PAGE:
George nods. He wants to please. He wants to be liked. He likes Roberta, too. He just cannot be bothered to do the necessary tasks in order to master this instrument.

Laboriously, he opens the papyrus-coloured score and commences the deceptively simple five-finger exercises followed by keyboard neophytes since Hanon wrote them 200 years ago.

A tray bearing a mug of tea comes into the room, followed by Jane. She is blonde, bobbed, bony. She smiles brightly, but no-one is deceived.

"Roberta. Lovely to see you, here's your tea. How are you? Now, I have told George he has got to buck up. I'm sorry, but this week's practice timetable has not gone to plan. Has it, George?" George shrugs happily. He stopped playing the moment his mother came in the room.

"If you say so, Maman."

Jane chooses to ignore this carefully weighted snub, and smiles again at Roberta.

"Piano has a tough trajectory," says Roberta. Think about something other than Grades, she wants to say. Let the child learn how to enjoy the music. But Jane will not. Grades are the holy grail. Roberta suspects the mothers of her pupils gather together on a regular basis comparing notes. Why is it so important? Don't ask. It just is. Learning the preludes and fugues of J.S Bach is improving. Baroque music is good for you.

Roberta never sees it in this way. For her, music has always been a code, a discipline which gives the world some meaning. She plays a Bach prelude every morning. Every evening, not too late (neighbours), she plays a fugue. There are forty-eight in the series. After she finishes the book, she starts again.

"... and so I said to George, if you pass Grade Two, I'll buy you one."

Roberta smiles. She has no idea to what Jane is referring, but can only guess it is a bribe involving an electronic toy of some distinction.

"Great idea. Come on George, let's see what shape these pieces are in."

George sighs, shifts on his stool. Thursday afternoon piano lesson is just one of the rather duller hurdles in his week.

"Ça va, Roberta, my dear. Here we go again. Encore."

The patterns of Hanon emanate rather feebly from the Blüthner.

Jane leaves the room. Goes into the hall. Looks in the hall mirror. Sees a middle-aged woman with crow's feet. Thinks about when she was pushing George, fatly huddled with earmuffs and a scarf in his buggy, aged two, to Martha's Music Group. "He has real musical talent," Martha used to say, when George was minded to pick up a glockenspiel stick and wave it. So much for Martha.

She looks at her face again. Those lines. Thinks she might invest in Botox. If only it wasn't so bloody expensive. If only it wasn't so frightening.

She wonders vaguely when Patrick is going to find out about her affair, not whether he is, but when he is. She feels that she must hold the present together with all her might, as if it is a vase which is just about to break into a thousand fragments.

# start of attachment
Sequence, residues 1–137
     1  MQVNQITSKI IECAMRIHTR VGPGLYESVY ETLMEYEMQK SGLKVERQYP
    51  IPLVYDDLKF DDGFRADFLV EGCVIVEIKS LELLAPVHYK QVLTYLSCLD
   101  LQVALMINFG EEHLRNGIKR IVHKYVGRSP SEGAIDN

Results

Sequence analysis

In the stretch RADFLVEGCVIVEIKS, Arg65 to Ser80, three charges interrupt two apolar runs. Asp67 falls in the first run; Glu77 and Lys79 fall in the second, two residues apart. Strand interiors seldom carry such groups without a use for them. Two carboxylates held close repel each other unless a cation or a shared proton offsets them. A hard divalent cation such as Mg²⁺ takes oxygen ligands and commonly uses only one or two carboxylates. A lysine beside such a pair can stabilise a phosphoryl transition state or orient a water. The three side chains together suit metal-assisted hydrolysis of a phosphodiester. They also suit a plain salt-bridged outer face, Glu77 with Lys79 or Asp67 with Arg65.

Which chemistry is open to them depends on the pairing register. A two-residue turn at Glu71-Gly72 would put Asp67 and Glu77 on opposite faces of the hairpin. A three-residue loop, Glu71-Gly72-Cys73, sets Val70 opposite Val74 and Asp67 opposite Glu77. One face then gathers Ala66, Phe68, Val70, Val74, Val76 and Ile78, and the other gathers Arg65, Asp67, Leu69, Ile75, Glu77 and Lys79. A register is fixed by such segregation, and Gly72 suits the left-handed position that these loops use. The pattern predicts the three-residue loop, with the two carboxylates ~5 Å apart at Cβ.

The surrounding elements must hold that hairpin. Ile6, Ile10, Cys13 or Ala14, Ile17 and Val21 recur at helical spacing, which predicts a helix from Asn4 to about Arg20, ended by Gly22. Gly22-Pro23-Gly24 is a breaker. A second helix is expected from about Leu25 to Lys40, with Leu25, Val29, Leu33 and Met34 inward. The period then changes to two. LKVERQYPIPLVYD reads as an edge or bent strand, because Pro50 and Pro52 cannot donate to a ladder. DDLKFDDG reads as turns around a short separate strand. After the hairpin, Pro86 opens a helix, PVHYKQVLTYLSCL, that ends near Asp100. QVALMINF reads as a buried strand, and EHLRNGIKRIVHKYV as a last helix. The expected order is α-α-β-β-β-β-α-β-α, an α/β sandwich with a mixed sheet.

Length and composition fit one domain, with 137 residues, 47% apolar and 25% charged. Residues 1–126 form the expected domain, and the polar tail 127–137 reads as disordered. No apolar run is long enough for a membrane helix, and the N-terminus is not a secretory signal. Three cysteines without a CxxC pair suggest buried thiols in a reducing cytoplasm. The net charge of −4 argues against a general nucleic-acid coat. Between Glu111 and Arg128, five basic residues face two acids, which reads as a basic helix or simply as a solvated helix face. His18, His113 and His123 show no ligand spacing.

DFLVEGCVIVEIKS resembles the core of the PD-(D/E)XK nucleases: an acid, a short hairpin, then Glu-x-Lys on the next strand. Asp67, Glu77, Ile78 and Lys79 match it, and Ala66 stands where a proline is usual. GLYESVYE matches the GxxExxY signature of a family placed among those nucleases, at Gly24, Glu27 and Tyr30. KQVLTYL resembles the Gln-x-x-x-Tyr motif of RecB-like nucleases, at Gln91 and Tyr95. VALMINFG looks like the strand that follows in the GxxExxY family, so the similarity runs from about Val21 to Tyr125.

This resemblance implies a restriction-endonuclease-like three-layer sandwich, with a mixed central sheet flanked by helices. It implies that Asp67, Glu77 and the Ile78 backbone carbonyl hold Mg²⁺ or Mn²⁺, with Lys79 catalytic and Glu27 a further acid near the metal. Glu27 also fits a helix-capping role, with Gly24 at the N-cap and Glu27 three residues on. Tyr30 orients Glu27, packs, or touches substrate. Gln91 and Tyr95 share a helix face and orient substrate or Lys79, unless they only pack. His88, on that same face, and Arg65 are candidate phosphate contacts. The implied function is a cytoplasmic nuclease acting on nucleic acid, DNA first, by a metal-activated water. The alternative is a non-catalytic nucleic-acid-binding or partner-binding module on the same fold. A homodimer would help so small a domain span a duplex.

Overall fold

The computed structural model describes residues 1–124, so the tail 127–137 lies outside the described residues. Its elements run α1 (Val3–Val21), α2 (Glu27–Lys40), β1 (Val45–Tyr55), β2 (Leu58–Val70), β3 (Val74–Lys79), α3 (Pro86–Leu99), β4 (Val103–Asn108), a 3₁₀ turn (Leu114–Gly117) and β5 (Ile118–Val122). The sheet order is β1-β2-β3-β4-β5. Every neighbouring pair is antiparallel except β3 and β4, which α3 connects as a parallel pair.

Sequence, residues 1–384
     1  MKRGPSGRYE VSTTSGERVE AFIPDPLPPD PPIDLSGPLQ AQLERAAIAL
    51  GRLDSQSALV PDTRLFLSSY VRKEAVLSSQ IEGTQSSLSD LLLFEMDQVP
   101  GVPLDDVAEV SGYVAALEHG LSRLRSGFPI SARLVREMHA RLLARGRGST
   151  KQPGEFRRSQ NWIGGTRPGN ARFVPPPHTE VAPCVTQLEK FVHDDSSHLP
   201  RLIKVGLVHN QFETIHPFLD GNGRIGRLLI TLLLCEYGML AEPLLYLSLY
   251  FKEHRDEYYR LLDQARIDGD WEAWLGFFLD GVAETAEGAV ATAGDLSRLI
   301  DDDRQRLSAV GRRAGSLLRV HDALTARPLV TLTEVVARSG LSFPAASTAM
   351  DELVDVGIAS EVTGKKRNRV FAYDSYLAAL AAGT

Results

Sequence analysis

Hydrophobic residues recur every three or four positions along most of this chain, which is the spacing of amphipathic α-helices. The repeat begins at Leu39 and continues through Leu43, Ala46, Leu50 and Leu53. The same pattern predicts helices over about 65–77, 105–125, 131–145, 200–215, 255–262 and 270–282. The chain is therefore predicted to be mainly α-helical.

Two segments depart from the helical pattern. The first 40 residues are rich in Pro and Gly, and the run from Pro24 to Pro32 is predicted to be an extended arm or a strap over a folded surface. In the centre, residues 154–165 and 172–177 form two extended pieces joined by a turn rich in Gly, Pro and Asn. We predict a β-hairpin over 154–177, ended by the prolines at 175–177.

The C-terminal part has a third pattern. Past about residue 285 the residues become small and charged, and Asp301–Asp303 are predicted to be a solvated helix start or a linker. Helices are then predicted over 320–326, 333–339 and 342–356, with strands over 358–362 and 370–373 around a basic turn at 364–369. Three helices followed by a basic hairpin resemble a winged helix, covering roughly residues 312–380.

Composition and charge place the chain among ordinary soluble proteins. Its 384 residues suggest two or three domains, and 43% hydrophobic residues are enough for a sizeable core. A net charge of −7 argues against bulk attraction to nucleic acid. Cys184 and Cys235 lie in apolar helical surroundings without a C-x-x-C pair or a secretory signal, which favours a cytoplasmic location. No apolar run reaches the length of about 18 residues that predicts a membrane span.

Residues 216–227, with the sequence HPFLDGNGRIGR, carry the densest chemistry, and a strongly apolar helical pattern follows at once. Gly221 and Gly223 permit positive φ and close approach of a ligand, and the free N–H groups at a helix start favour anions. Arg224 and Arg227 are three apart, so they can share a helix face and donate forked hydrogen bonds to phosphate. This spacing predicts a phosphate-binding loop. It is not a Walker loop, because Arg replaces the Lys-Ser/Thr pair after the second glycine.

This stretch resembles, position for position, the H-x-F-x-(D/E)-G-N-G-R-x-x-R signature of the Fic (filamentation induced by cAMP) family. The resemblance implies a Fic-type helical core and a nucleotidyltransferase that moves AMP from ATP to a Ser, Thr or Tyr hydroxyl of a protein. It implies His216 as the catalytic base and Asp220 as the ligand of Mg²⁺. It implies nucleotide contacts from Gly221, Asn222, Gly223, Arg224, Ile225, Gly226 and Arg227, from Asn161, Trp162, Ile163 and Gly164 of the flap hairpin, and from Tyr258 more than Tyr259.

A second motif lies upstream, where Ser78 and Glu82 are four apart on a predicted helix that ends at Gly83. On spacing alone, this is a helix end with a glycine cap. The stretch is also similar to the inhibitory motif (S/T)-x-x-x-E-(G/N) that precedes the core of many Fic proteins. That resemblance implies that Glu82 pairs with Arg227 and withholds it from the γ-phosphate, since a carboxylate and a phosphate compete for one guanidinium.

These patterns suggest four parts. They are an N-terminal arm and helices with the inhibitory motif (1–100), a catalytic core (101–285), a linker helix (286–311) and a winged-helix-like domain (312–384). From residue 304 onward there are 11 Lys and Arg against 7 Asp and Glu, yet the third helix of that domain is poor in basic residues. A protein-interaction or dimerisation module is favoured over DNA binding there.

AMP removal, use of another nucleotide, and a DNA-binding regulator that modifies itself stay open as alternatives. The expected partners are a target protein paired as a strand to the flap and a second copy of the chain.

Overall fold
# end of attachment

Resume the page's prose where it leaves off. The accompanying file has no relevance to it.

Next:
At least everything, for the time being, is calm. Earlier that day, it had not been. It makes her heart race to think about it.

Several hours earlier Jane's lover, Jay, texted her. Says he is coming over. Well, she had suggested it. How are you darling? was all he had written. Come over, she had messaged him back, immediately. Patrick is at work. George is at school. Can't wait to undress you.

Fine, he replied. Is it safe?

Oh for God's sake, Jane thought. What do you think? Patrick is at work, she texted, again, irritated.

Then she goes to put on matching underwear.

Jay arrives.

She sees his shadow through the glass of the front door. Even through opaque glass, she desires him. He steps into her house. Mercifully, and rather uniquely, after he enters the house, she takes the precaution of putting the chain on the door.

There is then a frantic scramble between Jane and Jay, as if they are backstage at a show, in the wings, and must change their costumes instantly. Except the promise ahead is the more thrilling performance of having sex.

They cannot wait to get into another room, there is no time. There is no time for their desire to wait another second. There is no time even to speak. They are still in the hall, and he is pulling her cashmere jumper up, over her head, and at the same time, pulling down her trouser zip and then her trousers. She is getting out of her bra and at the same time, pulling his shirt roughly out from the back of his trousers, scratching him, yanking the starched cotton away from his body.

And then, as her breasts are bared to the light and Jay's pursed lips bear down upon her puckered nipple like a lunar pod landing, dreadfully, unexpectedly, Jane hears Patrick's key rattle in the lock. Patrick is outside. He is coming home. Everything goes into slow motion. Seconds yawn as she, Jane, computes the noise, figures out that he, Patrick, her husband, is in the Square, he's outside, he's standing on the doorstep of the house, their house, their shared home, where he will discover her, his wife, Jane, without a bra, and that he will also discover him, Jay, their neighbour and her lover, ready to suck her breast, his stiff cock within seconds of fucking her, up against the wall of their hall.

There is no time for a game plan. Even if they had one. There is no time for anything. Time has slowed down, but there is no time.